Some of the underlying topics in our upcoming winter production of Christopher Shinn's drama, "Dying City," made the front page of the New York Times yesterday in this story of the Army missing (or ignoring?) signs of potential suicide among its overburdened corps.
Shinn's taught, three-character play takes audience members into the rippling sea of violence which runs through and impacts all of our lives--whether we are privileged, Harvard-educated New Yorkers, hard-working fishermen (or fishermen's wives), or working-class suburban California boys who sign up for the Army Reserves. We don't know exactly how one of the protagonists, Craig, died while on his second tour of duty in Iraq; but the play suggests he may have been one of the record number of military personnel since 2004 who, like Craig, are "mentally exhausted and traumatized from repeated deployments to combat zones" and have committed suicide.
But Craig is only one-third of this play. The impact of subtle and not so-subtle family and cultural violence on him, his brother Peter, and his wife Kelly is what leaves audience members, at the end of 90 minutes with no intermission, gripping the arms of our seats and asking ourselves some important questions. Who do we become in coping with the everyday violence in our own lives? Can we see and touch the fear which underlies so many of our interactions? How do we prevent it from eating us up?
"Dying City" is constructed on the metaphor of Craig's understanding of his company's mission in Baghdad: "ordered to protect themselves from violence by actively doing violence, which leads to more violence to protect themselves against: no sane person could survive these tasks." Baghdad is dying, yes, but its not the only city that is, whether in reality (see recent news reports from Ciudad Juarez, Mexico) or in this play, in which each individual is his or her own "city."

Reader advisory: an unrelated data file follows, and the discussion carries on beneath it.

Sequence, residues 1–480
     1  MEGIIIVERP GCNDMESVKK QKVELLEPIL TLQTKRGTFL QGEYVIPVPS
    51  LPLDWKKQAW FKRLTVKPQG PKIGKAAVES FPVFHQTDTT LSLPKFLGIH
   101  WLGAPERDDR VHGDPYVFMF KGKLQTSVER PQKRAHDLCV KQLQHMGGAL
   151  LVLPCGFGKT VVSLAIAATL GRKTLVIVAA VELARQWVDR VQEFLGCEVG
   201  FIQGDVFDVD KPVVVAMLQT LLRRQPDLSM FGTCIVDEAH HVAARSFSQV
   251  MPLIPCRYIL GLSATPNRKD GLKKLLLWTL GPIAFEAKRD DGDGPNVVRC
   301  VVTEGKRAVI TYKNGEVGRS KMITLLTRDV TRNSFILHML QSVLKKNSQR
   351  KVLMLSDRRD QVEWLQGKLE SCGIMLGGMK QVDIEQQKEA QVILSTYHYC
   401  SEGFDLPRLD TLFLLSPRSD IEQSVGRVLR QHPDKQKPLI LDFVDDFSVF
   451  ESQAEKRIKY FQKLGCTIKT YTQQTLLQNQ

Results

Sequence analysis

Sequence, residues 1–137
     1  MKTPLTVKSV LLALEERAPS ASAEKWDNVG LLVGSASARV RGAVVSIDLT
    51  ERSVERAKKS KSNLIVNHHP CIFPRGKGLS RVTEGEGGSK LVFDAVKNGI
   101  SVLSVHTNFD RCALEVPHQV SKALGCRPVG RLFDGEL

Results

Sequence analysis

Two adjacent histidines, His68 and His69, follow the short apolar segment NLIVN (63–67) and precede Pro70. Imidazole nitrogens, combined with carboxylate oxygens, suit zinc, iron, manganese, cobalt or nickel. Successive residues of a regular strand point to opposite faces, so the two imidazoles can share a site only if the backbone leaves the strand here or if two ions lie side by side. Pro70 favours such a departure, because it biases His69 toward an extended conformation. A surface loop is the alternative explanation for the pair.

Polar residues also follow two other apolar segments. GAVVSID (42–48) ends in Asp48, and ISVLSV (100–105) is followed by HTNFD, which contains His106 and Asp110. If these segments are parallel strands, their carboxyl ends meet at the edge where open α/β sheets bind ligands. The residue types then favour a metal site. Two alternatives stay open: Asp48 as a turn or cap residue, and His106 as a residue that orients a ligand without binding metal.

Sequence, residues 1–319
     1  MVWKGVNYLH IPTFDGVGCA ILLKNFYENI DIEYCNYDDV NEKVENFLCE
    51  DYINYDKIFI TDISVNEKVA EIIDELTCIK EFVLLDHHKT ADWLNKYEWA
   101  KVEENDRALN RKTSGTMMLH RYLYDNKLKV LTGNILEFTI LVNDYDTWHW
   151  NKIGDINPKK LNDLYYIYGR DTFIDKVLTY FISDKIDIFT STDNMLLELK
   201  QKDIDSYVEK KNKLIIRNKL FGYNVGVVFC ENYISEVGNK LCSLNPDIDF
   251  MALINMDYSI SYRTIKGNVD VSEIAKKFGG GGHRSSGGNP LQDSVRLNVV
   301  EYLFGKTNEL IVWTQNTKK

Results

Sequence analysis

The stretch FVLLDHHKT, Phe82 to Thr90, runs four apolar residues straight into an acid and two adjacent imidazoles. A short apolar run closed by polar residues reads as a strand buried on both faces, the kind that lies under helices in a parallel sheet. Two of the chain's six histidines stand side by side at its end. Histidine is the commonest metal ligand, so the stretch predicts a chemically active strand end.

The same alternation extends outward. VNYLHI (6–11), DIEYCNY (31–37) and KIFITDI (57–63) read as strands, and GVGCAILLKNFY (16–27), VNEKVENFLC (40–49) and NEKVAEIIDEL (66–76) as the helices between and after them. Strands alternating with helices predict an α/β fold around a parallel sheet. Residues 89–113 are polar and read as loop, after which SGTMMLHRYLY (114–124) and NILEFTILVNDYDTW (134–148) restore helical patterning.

Shinn prefaces his play with by an epigram from Aeschylus--"A lie sweet in the mouth/is sour in the stomach"--but more to the point for why we're producing it at the Opera House is this statement which comes about two thirds of the way through the play: "If you really care about the truth, you can't just speak to your own tiny group, you have to figure out how to speak to the community . . . People who may not be like you but that you still have--something in common with. A basic humanity."
"Dying City" by Christopher Shinn, February 3-13, 2011. Directed by Peter Richards. Starring Juri Henley-Cohn and Therese Plaehn. An Opera House Arts' Actors Equity production at the Stonington Opera House. Click here for tickets and additional information.